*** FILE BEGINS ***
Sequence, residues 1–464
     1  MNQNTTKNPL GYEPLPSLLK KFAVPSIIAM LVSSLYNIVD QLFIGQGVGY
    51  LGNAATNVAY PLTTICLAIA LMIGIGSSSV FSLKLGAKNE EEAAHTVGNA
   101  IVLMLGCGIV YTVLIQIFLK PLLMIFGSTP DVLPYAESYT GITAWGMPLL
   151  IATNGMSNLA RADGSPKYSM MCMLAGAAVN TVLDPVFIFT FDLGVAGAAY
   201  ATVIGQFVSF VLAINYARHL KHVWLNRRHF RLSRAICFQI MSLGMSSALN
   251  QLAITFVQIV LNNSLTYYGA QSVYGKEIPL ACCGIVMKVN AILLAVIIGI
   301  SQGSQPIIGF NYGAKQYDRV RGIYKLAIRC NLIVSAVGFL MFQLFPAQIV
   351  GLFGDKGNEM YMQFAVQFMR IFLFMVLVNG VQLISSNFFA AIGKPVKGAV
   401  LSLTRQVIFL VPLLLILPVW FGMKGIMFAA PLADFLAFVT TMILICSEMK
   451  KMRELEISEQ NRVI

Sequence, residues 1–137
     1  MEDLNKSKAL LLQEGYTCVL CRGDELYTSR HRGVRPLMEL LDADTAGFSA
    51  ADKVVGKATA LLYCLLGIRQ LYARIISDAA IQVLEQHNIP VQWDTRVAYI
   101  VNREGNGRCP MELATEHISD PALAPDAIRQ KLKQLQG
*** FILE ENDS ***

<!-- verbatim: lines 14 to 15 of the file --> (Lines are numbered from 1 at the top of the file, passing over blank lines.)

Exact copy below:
    51  ADKVVGKATA LLYCLLGIRQ LYARIISDAA IQVLEQHNIP VQWDTRVAYI
   101  VNREGNGRCP MELATEHISD PALAPDAIRQ KLKQLQG